Formally the two formulations are completely equivalent if \(Y_\ell^{\mathrm{LF}}\) is replaced with \(\mathring{Y}^{\mathrm{LF}}_{\ell}\) in Eq. (47) and they can be linked through the two ratios

obtaining the following variance for the estimator

Therefore, a way to increase the variance reduction is to maximize the ratio \(\dfrac{\theta_\ell^2}{\tau_\ell}\) with respect to the parameter \(\gamma_\ell\). It is possible to solve analytically this maximization problem obtaining

The resulting optimal allocation of samples across levels and model forms is given by

## Quasi-Monte Carlo (QMC)

Quasi-Monte Carlo methods are equal-weight quadrature rules to approximate \(\mathbb{E}\left[Q\right]\) with deterministically well-chosen sample points to beat the notoriously slow convergence of a method that uses random MC samples. They are of the form

which is seemingly identical to the form of the classic MC method from Eq.
(36), however, the \(N\) \(s\)-dimensional points
\(\boldsymbol{t}^{(i)}\) are now carefully chosen inside the domain
\(\Xi \subset \mathbb{R}^d\). With *carefully chosen* we mean that the
points have a low discrepancy \(D(\boldsymbol{t}^{(0)},
\boldsymbol{t}^{(1)}, \ldots, \boldsymbol{t}^{(N-1)})\). This discrepancy is
important, because it directly appears in the error bound of a QMC method, i.e.,
we have the Koksma-Hlawka inequality [Nie92]

The QMC error thus consists of two parts: a factor that only depends on the point set (in particular, on the discrepancy of the point set) and a factor depending only on the function \(f\) we are trying to integrate (the so-called variation of the function \(f\)).

Some famous examples of low-discrepancy point sets are Sobol points [Sobol67], Halton points [HS64] and Hammersley points [Ham13]. The advantage of using such a low-discrepancy point set is faster convergence: classic theory states that a QMC method may converge like \((\log N)^d/N\), for sufficiently smooth functions \(f\), see [DP10]. Compare this to the classic MC method, that converges like \(1/\sqrt{N}\), and it is easy to see why QMC methods are so appealing.

Unfortunately, the classic QMC theory is not adequate in high dimensions (large \(d\)): for \((\log N)^d/N\) to be smaller than \(1/\sqrt{N}\), we require, for example, \(N > \exp(d)\), an unrealistically large number in high dimensions. Furthermore, in many problems, the variation \(V(f)\) is infinite, making the error bound in (51) practically useless.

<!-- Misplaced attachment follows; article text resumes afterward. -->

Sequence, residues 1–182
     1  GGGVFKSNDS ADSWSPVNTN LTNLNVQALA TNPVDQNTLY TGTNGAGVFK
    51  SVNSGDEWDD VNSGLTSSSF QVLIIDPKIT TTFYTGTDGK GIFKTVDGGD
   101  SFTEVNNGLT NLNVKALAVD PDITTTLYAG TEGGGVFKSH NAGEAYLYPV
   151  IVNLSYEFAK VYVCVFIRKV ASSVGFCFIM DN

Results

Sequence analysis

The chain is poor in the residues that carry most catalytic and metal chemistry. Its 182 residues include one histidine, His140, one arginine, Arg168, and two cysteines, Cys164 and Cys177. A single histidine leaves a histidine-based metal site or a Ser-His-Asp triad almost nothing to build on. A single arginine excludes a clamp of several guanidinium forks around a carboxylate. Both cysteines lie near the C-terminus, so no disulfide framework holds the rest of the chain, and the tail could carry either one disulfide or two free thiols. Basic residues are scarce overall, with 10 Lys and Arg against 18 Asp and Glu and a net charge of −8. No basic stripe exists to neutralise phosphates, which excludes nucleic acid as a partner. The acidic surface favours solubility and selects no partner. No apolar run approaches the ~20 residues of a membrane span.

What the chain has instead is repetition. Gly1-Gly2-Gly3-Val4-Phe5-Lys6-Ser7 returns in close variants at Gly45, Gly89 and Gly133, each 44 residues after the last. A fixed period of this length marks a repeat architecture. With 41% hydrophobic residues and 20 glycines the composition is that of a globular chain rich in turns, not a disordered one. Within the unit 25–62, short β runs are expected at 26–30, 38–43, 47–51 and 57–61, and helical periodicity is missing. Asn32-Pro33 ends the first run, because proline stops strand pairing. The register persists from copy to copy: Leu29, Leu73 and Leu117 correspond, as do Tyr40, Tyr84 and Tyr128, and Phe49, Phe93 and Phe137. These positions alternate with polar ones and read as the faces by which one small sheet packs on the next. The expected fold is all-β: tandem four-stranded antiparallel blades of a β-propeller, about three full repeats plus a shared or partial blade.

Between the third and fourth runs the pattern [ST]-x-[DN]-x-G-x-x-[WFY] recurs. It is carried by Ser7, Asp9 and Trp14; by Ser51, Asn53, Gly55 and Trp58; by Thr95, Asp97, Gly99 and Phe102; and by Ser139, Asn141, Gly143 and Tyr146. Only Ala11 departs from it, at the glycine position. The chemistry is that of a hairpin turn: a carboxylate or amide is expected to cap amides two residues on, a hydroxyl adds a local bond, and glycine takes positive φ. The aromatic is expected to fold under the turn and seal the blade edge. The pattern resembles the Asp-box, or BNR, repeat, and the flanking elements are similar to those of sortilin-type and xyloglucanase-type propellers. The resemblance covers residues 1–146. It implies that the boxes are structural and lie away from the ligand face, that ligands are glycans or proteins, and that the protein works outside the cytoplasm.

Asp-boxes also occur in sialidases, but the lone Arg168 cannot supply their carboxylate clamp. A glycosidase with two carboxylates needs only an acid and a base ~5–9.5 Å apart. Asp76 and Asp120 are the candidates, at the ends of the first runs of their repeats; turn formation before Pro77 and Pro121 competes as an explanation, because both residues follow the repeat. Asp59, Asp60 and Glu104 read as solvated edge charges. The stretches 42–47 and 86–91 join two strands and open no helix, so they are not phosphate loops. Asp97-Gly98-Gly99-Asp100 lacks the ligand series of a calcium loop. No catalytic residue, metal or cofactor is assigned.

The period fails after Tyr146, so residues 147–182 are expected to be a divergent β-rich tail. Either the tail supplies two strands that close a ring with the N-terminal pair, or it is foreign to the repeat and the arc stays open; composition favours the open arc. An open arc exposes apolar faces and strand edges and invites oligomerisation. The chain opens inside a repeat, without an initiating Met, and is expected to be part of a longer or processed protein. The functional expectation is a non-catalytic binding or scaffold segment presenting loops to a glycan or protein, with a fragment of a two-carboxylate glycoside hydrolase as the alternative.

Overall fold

Then, in 1995, a 360-dimensional integral originating from financial mathematics
was computed very efficiently by Paskov and Traub, see [PT96]. This
led to many new theoretical developments, including the notion of *weighted*
function spaces and *low effective dimension*: although the problem is
high-dimensional, not all dimensions are equally important. In the work by Sloan
and Woźniakowski [SWozniakowski98], this decreasing importance is quantified in
terms of weights \(\gamma_j\) associated to each dimension \(j\), and
where one assumes \(\gamma_1 \geq \gamma_2 \geq \ldots \geq \gamma_d \geq
0\). Contemporary QMC analysis is then performed by analyzing the problem in a
function space that incorporates these weights. A reinterpretation of
(51) in the weighted space setting with weights
\(\boldsymbol{\gamma}\) is then

where \(e_{\boldsymbol{\gamma}}\) is the so-called *worst-case error*, and
\(\|f\|_{\boldsymbol{\gamma}}\) is the norm of the function in the weighted
function space. The question then becomes one of (strong) *tractability*: under
which conditions on the weights is the worst-case error bounded independent of
the dimension \(d\)? The philosophy of modern QMC is therefore to choose the
weights according to the problem at hand, and then construct a QMC method that
yields good performance for all functions that belong to this weighted function
space, see [DP10].

QMC methods come in two major flavors: *lattice rules* and *digital nets*. We
will now briefly discuss these two construction methods.

### Rank-1 lattice rules and sequences

An \(N\)-point rank-1 lattice rule in \(d\) dimensions generates points according to

where \(\{\;\cdot\;\}\) denotes the fractional part, i.e., \(\{x\} = x
- \lceil x \rceil\), and where \(\boldsymbol{z} = (z_1, z_2, \ldots, z_d)\)
is an \(d\)-dimensional vector with integers, called the *generating
vector*. Rank-1 lattices were introduced by Korobov [Kor59] and
Hlawka [Hla62], as the *method of good lattice points*.

The performance of the lattice rule depends critically on the choice of the generating vector \(\boldsymbol{z}\). We assume that \(z \in \mathbb{U}_N^d\), where \(\mathbb{U}_N = \{ z \in \mathbb{Z} : 1 \leq z \leq N - 1 \;\text{and}\; \mathrm{gcd}(z, N) = 1\}\), to ensure that every one-dimensional projection of the \(N\) points on one of the coordinate axes has \(N\) distinct values. It can be shown that the number of elements inside the set \(\mathbb{U}_N\) is given by the Euler totient function \(\varphi(N)\). For number theoretical reasons, \(N\) is usually restricted to be a prime number, such that the number of elements is \(\varphi(N) = N-1\). In that case, there are an astounding \((N - 1)^d\) possible choices for the generating vector \(\boldsymbol{z}\). Since it is impossible to perform an exhaustive search over all possible choices for large \(N\) and \(s\) to find the best possible generating vector \(\boldsymbol{z}\), we resort to construction schemes that deliver good choices for \(\boldsymbol{z}\). An example of such a scheme is the component-by-component (CBC) construction [Kor63, SJ94]. The algorithm works as follows:

Set \(z_1=1\).

With \(z_1\) fixed, pick \(z_2 \in \mathbb{U}_N\) such that \(e_{\boldsymbol{\gamma}}(z_1, z_2)\) is minimized.

With \(z_1\) and \(z_2\) fixed, pick \(z_3 \in \mathbb{U}_N\) such that \(e_{\boldsymbol{\gamma}}(z_1, z_2, z_3)\) is minimized.